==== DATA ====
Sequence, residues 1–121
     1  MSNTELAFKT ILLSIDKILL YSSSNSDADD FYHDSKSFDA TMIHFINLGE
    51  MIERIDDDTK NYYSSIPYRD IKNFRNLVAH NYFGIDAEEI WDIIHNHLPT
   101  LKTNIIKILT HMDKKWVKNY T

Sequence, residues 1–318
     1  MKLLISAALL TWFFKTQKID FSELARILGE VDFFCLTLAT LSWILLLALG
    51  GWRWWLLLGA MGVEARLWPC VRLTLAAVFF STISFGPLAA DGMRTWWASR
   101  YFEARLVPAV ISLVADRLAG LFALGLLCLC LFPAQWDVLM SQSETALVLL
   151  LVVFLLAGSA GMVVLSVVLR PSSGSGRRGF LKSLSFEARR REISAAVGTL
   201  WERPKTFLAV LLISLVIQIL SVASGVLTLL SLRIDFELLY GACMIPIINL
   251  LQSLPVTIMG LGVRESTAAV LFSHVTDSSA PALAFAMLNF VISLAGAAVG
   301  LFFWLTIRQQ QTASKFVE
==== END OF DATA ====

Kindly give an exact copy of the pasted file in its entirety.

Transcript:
Sequence, residues 1–121
     1  MSNTELAFKT ILLSIDKILL YSSSNSDADD FYHDSKSFDA TMIHFINLGE
    51  MIERIDDDTK NYYSSIPYRD IKNFRNLVAH NYFGIDAEEI WDIIHNHLPT
   101  LKTNIIKILT HMDKKWVKNY T

Sequence, residues 1–318
     1  MKLLISAALL TWFFKTQKID FSELARILGE VDFFCLTLAT LSWILLLALG
    51  GWRWWLLLGA MGVEARLWPC VRLTLAAVFF STISFGPLAA DGMRTWWASR
   101  YFEARLVPAV ISLVADRLAG LFALGLLCLC LFPAQWDVLM SQSETALVLL
   151  LVVFLLAGSA GMVVLSVVLR PSSGSGRRGF LKSLSFEARR REISAAVGTL
   201  WERPKTFLAV LLISLVIQIL SVASGVLTLL SLRIDFELLY GACMIPIINL
   251  LQSLPVTIMG LGVRESTAAV LFSHVTDSSA PALAFAMLNF VISLAGAAVG
   301  LFFWLTIRQQ QTASKFVE